That's why the American Academy of Pediatrics and the World Health Organization are urging parents to consider vaccinating kids. The WHO recently declared vaccine hesitancy ("the reluctance or refusal to vaccinate despite the availability of vaccines") as a threat to global health.
The 1998 research of former doctor Andrew Wakefield linking vaccines to Autism is often cited as the epicentre of vaccine hesitancy but has been debunked repeatedly.
Still, many parents just aren't sure if they want to vaccinate. It's totally normal to want to make sure that a vaccine is safe for your child, and to know the risks and benefits. That's why experts suggest concerned parents talk to their pediatricians about vaccination.
According to the American Academy of Pediatrics, "before the measles vaccine was available, every year an average of 450 people died from measles; most of them were healthy children."
The AAP states the measles, mumps and rubella (MMR) vaccine is very safe.
"Like any medicine, [the MMR vaccine] is capable of causing side effects but usually these are mild, such as pain or swelling at the injection site and a fever that lasts a day or two. The risk of the measles vaccine causing serious harm is extremely small. Getting the measles vaccine is much safer than getting the measles infection," the AAP notes.
5. Some communities are more at risk for measles
In Clark County the vaccination rate for measles is 84.5%, KATU News reports. According to infectious disease experts, that's just too low for so-called herd immunity to exist.
"To prevent outbreaks, we like to see immunization coverage rates above 90 per cent, and actually for measles, above 95 percent to really be able to stop transmission," Julie Bettinger, a professor at the Vaccine Evaluation Center of the University of British Columbia told Global News.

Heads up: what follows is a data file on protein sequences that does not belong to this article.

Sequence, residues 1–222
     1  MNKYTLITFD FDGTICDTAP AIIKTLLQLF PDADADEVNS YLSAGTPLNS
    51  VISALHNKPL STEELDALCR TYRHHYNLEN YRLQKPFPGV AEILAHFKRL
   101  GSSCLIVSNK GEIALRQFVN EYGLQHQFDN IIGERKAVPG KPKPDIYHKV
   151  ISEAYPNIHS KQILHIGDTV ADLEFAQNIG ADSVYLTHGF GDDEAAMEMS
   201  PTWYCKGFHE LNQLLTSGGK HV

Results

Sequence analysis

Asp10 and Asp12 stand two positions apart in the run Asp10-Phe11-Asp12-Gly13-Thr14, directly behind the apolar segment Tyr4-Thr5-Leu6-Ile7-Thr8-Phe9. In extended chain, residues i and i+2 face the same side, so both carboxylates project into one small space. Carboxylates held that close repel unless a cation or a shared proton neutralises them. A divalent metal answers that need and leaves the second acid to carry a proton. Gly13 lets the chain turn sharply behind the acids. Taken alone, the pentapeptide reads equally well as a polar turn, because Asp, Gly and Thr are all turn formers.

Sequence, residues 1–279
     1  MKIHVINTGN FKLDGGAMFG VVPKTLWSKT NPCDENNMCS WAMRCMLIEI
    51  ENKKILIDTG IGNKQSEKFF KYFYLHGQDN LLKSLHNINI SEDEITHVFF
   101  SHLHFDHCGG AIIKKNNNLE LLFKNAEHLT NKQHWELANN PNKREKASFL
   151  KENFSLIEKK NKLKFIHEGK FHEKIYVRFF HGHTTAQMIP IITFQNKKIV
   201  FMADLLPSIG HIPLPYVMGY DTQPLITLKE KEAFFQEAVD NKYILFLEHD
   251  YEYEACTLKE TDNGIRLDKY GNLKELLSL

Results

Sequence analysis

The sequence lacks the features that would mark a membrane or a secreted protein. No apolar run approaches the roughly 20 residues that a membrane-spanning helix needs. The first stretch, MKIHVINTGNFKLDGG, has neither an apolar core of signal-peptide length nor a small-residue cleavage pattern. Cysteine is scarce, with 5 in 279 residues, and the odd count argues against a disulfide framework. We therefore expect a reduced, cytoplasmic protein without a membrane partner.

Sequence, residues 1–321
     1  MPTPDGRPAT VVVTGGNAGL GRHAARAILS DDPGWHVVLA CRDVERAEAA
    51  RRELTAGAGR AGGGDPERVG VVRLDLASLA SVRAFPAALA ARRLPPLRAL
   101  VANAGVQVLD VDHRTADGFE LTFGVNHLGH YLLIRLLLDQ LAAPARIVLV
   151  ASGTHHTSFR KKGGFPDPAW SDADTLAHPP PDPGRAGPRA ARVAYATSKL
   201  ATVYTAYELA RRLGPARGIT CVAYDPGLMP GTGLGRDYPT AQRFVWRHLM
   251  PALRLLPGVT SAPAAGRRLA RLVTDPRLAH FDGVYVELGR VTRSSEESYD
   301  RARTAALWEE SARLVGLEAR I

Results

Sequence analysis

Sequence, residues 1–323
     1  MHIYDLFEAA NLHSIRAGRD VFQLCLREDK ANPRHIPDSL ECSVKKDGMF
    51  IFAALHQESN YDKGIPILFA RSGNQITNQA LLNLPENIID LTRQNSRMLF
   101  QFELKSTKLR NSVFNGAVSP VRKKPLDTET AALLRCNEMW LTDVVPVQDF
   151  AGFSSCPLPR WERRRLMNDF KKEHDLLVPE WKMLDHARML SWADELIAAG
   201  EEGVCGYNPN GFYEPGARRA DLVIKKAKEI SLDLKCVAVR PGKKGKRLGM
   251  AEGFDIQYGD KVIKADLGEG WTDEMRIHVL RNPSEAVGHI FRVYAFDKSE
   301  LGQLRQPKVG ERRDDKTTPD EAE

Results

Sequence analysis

As the Washington Post reports, experts are worried that dipping immunization rates in some communities (like Clark County) are creating geographic pockets where the population is particularly at risk for measles and other contagious diseases.
According to a 2018 study in the journal PLOS, of the 18 states that permit non-medical vaccine exemptions for school children due to philosophical beliefs, 12 have seen an increase in unvaccinated kindergarteners in recent years. The study's authors also highlighted 15 metropolitan "hot spots" where more than 5% of kindergarteners are not vaccinated. Portland, which is very close to Clark County, is one of them.
6. Don't rush to the doctor
There are a lot of potential exposure sites related to the Clark County outbreak, mostly in Portland and Vancouver.
According to the CDC, measles typically begins with a cough, high fever, runny nose and red eyes, and a quarter of the people who get it need to be hospitalized.
If your family has been exposed to measles, don't rush to your doctor's office—call first so that your doctor can make special arrangements for you to be evaluated without spreading measles in the waiting room. Your doctor might be able to tell you over the phone whether your family is likely to be "immune to measles based on your vaccination record, age, or laboratory evidence," notes the CDC.
The bottom line is this: Parents shouldn't panic about measles outbreaks, but the WHO and the AAP do want to see more kids protected through vaccination.
[A previous version of this post was published August 21, 2018. The story has been updated to reflect current measles statistics for January and February 2019.]